Cellular data traffic in emerging Asia-Pacific countries will grow 68% in 2014 compared with a global average of 48%. This is the highest growth rate of any global region.
We see several chief factors driving this growth. For a start, the region will experience faster economic and population growth than the global average. Also, it's worth remembering that even 3G has not been launched in some markets, where the period of the most accelerated growth is yet to come.
Meanwhile, while a number of operators have launched LTE, here in Asia rollouts of LTE will not begin in earnest for most of the region until 2014. TD-LTE will start to play a significant role in the supply of basic static broadband connectivity in some markets, although good take-up rates for fiber in Malaysia suggest operators in other expanding economies may look more favorably on fixed access in the coming years.
Another factor is that public Wi-Fi is more significant in some markets (most notably China) than anywhere else in the world. We would expect that share of traffic to start shifting back to cellular because of the low incremental unit costs of transport on LTE. Growth in cellular traffic in China though will be somewhat lower than the regional average because of the ambitious rollout plans for fiber.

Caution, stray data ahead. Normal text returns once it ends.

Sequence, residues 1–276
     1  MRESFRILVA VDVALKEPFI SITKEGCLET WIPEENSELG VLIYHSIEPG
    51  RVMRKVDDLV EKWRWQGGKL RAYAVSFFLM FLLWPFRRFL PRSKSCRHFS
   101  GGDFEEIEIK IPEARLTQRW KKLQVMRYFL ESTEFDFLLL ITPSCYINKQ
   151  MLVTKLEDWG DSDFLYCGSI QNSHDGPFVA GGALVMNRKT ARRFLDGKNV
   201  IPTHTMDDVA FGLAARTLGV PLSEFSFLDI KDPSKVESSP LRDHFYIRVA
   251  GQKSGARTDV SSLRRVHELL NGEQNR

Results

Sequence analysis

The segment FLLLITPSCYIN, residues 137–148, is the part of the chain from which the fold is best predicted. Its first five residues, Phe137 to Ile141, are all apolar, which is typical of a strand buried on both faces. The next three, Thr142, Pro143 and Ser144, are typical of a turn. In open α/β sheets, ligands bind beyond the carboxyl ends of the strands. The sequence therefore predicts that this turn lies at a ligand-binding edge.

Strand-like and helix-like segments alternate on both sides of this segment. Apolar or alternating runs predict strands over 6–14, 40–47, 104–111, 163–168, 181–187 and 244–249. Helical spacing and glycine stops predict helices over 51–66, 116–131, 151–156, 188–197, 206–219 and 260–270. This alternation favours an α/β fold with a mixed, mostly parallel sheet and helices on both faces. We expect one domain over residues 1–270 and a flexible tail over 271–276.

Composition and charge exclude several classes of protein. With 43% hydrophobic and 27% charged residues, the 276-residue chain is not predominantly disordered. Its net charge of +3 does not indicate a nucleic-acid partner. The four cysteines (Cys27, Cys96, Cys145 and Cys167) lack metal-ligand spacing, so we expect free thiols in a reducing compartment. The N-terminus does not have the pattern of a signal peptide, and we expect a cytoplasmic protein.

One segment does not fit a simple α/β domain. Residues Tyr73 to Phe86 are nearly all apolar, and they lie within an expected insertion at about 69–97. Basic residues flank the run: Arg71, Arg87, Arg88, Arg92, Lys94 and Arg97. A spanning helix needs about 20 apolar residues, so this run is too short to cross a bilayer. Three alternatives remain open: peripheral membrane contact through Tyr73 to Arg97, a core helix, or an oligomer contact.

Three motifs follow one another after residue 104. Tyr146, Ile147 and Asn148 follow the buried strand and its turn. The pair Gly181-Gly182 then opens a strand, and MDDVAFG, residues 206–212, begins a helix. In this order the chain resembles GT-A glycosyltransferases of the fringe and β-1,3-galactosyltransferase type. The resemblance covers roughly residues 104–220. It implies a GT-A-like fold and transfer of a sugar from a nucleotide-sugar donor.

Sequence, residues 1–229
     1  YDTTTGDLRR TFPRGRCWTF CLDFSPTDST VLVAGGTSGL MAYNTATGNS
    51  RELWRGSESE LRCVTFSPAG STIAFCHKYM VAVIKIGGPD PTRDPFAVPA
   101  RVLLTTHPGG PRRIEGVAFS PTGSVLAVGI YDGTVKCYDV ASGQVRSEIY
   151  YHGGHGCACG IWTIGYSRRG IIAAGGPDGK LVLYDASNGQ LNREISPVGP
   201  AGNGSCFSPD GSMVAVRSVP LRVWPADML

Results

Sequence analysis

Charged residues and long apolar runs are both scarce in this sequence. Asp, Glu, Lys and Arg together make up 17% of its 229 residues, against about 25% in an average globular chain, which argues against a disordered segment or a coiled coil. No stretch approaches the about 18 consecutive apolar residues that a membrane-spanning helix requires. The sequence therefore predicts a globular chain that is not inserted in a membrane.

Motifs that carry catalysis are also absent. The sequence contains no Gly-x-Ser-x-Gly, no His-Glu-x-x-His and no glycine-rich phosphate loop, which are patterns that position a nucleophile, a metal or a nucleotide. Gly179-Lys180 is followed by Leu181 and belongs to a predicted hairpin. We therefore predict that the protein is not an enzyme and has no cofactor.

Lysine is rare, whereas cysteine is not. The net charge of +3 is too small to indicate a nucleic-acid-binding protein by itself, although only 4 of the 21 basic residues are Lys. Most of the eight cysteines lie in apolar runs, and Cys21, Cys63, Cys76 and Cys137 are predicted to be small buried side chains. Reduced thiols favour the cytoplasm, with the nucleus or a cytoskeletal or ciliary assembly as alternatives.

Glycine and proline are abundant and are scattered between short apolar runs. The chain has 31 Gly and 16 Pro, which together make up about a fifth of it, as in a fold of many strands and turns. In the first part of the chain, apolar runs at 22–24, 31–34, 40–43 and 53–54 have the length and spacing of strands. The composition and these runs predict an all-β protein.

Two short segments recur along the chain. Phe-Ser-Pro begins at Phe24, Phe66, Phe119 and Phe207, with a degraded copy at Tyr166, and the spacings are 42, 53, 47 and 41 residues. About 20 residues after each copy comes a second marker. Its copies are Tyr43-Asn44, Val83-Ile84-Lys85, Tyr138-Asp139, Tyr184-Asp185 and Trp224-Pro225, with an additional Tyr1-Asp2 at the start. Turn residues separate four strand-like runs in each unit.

In developed Asia-Pacific markets, we expect a cooling down of demand for cellular data, and linear rather than exponential growth rates. Nevertheless Japan, with an already established pattern of high mobile but low fixed internet usage, will see average cellular data usage rise to 1.8GB per head of population per month in 2014 - the highest in the world.
Rupert Wood is a principal analyst at Analysys Mason
Seven key strategies for thriving in 2014:
- Time to change your mindset
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- Finance services finally go mobile
- Monetization gets personal
- Mobile data traffic goes mega
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- Time for TDD
This article first published in Telecom Asia Vision 2014 Supplement